On the Role of Luck and Extra Cookies, YTD Equity Performance, Policy Actions and an Ayurvedic Approach to Sleep Disorders-Part 5!

From: Aditya Rana
Subject: On the Role of Luck and Extra Cookies, YTD Equity Performance, Policy Actions and an Ayurvedic Approach to Sleep Disorders-Part 5!


To take a break from covering writings on financial markets, this week we turn to the key role that luck plays in our lives. Michael Lewis, the well known writer and commentator on financial markets, made a short speech to the 2012 graduating class at his alma mater Princeton University, on how we constantly underestimate the role of luck in our success. To summarise:

-Lewis maps out how he joined Salomon Brothers in the mid-eighties purely by chance , and how that experience sowed the seeds for his literary ambitions, commencing with the publishing of his best-selling book Liar’s Poker which sold a million copies, making him a successful author at the age of 28.

-While the world eulogised his writing skills, Lewis knew that what was more critical to his success was a series of chance events, illustrating that “success is always rationalised” and that people typically don’t like to hear that success is due to luck – especially successful people.

-In his book “Moneyball” he showed that the poorest professional baseball team (Oakland A’s) was winning as many game as its richest team – the Yankees. This is because the rich teams did not understand who were the best players, and were routinely misvaluing them because they were not taking into account the role of luck in baseball success.

-The message from the “Moneyball” story were at two levels – from a practical aspect, it was about finding value by analyzing better data and exploiting market inefficiencies. At a deeper level, it was about luck being the critical component in determining life’s outcomes.

-A recent experiment conducted at Berkeley University was very informative – a group of six students was broken into two groups of three students and a person was arbitrarily appointed to be the leader of the group. They were then assigned some complicated moral problems to solve. Every thirty minutes the experiment was interrupted and four cookies were brought into the room for the group to eat. The process was then restarted.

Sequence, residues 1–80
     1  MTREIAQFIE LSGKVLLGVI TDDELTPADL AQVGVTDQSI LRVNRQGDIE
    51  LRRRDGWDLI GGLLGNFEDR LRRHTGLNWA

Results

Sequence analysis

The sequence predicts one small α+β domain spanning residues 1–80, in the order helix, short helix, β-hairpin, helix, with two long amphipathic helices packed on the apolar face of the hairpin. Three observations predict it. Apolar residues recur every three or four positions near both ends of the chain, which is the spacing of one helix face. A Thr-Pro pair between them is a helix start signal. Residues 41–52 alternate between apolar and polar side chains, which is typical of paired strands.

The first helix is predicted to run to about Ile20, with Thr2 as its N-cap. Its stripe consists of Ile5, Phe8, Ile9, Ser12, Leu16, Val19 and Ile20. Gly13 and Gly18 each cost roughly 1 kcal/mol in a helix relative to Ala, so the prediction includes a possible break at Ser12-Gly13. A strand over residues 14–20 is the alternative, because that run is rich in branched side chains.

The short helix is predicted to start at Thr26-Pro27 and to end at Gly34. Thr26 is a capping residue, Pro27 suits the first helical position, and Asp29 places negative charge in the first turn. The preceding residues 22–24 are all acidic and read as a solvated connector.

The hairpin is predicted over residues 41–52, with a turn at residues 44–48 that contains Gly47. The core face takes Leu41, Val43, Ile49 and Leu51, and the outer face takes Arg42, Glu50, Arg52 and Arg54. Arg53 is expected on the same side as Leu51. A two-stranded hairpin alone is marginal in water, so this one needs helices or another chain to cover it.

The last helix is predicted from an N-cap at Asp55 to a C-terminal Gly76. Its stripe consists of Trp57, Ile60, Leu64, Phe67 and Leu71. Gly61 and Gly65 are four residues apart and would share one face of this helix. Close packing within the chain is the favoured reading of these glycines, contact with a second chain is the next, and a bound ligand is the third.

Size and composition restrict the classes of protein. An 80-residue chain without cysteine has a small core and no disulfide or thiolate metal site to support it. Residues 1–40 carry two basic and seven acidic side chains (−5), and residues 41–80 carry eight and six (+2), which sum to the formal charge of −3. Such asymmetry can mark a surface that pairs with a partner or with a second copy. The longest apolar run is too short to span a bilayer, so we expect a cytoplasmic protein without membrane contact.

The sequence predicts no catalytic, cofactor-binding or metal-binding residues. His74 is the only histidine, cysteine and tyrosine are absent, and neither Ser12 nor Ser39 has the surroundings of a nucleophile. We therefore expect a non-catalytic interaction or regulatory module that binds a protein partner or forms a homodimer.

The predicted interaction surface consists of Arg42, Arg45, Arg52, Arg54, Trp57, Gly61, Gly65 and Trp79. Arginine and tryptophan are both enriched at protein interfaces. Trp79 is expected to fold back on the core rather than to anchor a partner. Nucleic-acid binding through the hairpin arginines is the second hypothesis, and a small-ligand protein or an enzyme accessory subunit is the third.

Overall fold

-Incredibly, the person arbitrarily appointed the leader consistently ate the fourth cookie – and with a lot of gusto. The leader performed no special task and was randomly appointed just thirty minutes earlier, but still felt he deserved the extra cookie. The experiment provides an insight into the issue of Wall Street bonuses and CEO pay.

-It also has a lesson for the young graduates of Princeton University, as they have been given the extra cookie and will be given even more over time. It would then be easy to fall into the trap that they start believing they deserve the extra cookie. But they will be happier, and the world better off, if they at least pretend that they don’t deserve the cookie, and realise that they owe a debt to the unlucky.

A refreshingly honest and thought provoking piece! As the work of Nobel winning psychologist Daniel Kahneman and others convincingly demonstrates, we are constantly undervaluing the role of luck in our lives – and treating our successes with more humility would go a long way in making society (and our minds) more peaceful!

Looking at the year-to-date performances of the major equity markets around the world leads to some surprising observations – after the Nasdaq (up 9.72%), the second best performing market is India (up 8.2%) – despite all the negative news on India! China (up 3.7%) ties at fourth. So our year-end theme of “reversal of fortunes” for 2012 seems to be intact!